by Jordan DeWald
You walk into a boutique and your senses awaken. You hear the jingle of the bell and a greeting from a salesperson. You smell the candle burning in the store and your eyes take in the colors of textiles on the racks. As you walk through, you run your hands against the cotton, linen, and silk. Boutique shopping is an experience. It is communal and interactive. The boutiques of Burleson, Texas excel at this. The women who run these boutiques are innovative, creative, adaptive businesswomen who are also a friend to the people who walk in their shops.
To shop in a locally owned boutique is to become a part of the owner’s story. They all came to shop owning for different reasons. Christan McCord, the owner of MeccaFox, started her business in her home, making druzy earrings. She outgrew her home and moved into a small space where she sold earrings, shirts, and heat transfer vinyl that was not available anywhere else in town. She grew a following and opened up MeccaFox as a boutique. Becky Stricklin, owner of Rebecca’s, has been a fixture in Old Town Burleson and has helped many women find outfits for occasions. Extremely Refined, owned by Mackenzie Prescher, also includes Extreme Sports & Custom Designs. They have supplied spirit wear for the community as well as customized products. Leslie Lummus opened Pink Chandelier with her daughter ten years ago. Her daughter’s priorities have shifted to raising her own kids but Leslie had fallen in love with owning a small business and has continued to run the store. Jaxson James is the brainchild of Harlee Huggins. She offers contemporary fashion utilizing a storefront and an online presence from the beginning. Mary Joe DeLuca Uribe offered beauty services through FOTA Beauty and decided to use the extra space to open a store front boutique. That was done during the unfortunate timing of the pandemic but she persevered. Betsy Harty has owned Accents in multiple locations, with the Burleson location having primarily home decor. Over the past years, Betsy has focused primarily on Accents of Burleson and includes a clothing selection with her decor and floral design offerings.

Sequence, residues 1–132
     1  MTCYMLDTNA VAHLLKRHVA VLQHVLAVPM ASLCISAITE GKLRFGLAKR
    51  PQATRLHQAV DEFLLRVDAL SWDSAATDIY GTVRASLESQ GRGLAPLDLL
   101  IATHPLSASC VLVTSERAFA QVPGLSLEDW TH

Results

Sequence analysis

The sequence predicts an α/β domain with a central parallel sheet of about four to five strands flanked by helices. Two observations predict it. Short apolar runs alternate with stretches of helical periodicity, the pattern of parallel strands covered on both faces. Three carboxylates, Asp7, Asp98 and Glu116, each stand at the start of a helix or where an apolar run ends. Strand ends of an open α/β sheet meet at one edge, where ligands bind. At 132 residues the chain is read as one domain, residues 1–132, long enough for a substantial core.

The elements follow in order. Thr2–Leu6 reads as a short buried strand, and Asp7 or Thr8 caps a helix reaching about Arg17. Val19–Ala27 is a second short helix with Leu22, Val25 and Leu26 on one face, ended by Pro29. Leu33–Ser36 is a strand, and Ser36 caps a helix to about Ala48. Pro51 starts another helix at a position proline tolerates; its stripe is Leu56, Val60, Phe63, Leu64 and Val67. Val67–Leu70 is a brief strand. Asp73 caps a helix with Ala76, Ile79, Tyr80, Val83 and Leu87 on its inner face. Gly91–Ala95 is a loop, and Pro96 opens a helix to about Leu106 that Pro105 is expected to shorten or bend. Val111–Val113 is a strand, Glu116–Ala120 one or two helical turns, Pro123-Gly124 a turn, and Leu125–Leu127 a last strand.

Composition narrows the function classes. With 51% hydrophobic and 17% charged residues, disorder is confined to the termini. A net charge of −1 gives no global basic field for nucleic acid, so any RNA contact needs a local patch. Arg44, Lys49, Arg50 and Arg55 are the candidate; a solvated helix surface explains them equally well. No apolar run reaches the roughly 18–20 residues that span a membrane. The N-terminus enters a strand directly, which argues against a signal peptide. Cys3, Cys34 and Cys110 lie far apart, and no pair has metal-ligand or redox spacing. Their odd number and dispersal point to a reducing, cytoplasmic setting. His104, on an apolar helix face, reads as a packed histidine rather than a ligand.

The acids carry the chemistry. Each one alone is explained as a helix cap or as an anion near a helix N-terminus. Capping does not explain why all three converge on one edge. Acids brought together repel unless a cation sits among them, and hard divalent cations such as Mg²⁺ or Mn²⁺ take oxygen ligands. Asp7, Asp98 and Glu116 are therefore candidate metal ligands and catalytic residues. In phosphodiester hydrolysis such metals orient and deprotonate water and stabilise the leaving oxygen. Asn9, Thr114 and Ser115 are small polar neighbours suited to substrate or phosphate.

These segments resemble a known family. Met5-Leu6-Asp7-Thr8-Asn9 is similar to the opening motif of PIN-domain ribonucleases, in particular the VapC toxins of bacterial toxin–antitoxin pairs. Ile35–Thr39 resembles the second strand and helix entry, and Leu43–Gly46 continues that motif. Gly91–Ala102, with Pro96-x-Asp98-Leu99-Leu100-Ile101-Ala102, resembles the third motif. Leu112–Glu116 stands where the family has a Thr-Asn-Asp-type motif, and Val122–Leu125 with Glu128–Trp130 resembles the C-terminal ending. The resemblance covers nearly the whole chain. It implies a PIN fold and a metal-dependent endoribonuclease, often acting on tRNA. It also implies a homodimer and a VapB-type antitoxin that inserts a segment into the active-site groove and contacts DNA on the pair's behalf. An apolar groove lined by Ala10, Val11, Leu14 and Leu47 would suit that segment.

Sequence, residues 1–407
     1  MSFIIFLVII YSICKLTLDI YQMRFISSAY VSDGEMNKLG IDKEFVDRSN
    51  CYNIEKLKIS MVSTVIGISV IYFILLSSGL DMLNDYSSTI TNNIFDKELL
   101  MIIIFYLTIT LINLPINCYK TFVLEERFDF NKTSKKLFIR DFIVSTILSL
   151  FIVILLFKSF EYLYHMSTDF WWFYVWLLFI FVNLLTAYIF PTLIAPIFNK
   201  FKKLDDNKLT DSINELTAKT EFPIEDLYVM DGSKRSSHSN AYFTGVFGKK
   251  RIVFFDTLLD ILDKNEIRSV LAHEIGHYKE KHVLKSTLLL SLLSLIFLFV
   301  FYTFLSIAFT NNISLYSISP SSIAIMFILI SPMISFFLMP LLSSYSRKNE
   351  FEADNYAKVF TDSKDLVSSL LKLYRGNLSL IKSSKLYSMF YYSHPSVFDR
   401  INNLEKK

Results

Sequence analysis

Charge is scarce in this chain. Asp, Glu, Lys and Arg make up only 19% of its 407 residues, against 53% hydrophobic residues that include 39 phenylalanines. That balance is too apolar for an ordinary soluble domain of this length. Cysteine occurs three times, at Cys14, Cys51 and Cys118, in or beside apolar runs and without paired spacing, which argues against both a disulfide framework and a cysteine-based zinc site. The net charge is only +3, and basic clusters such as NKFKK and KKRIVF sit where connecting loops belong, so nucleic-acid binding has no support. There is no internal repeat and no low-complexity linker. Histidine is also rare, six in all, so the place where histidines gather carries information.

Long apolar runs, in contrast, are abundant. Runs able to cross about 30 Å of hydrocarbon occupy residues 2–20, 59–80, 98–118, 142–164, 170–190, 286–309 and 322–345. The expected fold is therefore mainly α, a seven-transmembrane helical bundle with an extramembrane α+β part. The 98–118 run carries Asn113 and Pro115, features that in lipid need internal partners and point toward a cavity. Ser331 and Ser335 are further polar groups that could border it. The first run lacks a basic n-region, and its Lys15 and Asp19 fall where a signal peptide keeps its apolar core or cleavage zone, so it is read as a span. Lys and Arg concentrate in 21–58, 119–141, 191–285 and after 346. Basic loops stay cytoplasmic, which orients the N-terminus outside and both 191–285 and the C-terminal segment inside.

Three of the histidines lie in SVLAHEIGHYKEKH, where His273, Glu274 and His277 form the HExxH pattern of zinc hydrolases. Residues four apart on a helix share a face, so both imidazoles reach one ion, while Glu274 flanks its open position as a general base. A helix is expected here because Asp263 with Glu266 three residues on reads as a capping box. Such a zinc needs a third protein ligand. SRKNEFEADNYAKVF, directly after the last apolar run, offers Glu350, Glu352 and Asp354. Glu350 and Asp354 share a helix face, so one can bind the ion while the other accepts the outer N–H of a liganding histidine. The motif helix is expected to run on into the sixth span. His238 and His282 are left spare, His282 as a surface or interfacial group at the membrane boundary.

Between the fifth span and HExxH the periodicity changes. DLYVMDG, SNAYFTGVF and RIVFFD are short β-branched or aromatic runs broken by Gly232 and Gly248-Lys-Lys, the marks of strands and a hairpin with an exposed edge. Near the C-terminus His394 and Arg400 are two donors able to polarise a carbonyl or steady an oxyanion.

Ten years ago, there were just two clothing boutiques for women in Burleson, Rebecca’s and Pink Chandelier. Now there are at least seven within a three-mile radius. Leslie Lummus is the owner of Pink Chandelier. She describes Burleson as now being a “boutique shopping experience.” Instead of being discouraged by the competition, Leslie is excited by it. There is a good relationship between the shop owners. In fact, they are working together to make the best experience possible for their customers. The owners created a Facebook group together called Shopped Burleson Boutiques. This group of over two thousand members lets customers know what is offered at the different shops. The boutiques have also come together to host an Open House weekend in November. Each shop will host an Open House at their location and customers are encouraged to visit each boutique. These businesswomen continue to evolve their business practices to best serve their customers.
For the last several years, there was a real concern about online shopping taking over brick and mortar stores. That was until consumers learned what it was like to not have the experience of walking into a store to find what they need. In 2020, shutdowns due to Covid-19 brought challenges that no business owner had ever faced. One positive that has come out of it for boutiques is that the shoppers realized the value with in-person shopping for the types of items boutiques sale. According to Forbes, “Post-pandemic, in-person shopping will be reserved for the stuff that sparks joy or adds value.” People will continue to shop online for things that aren’t fun to shop for, like paper towels or socks, but the items that invoke a reaction are even more popular to buy in-store now. During the shutdowns, shoppers missed the experience! Mary Joe DeLuca Uribe originally planned to only have an online boutique as a part of FOTA Beauty. She was encouraged to have a physical location as well and now her boutique shares a space with the location she offers beauty treatments in.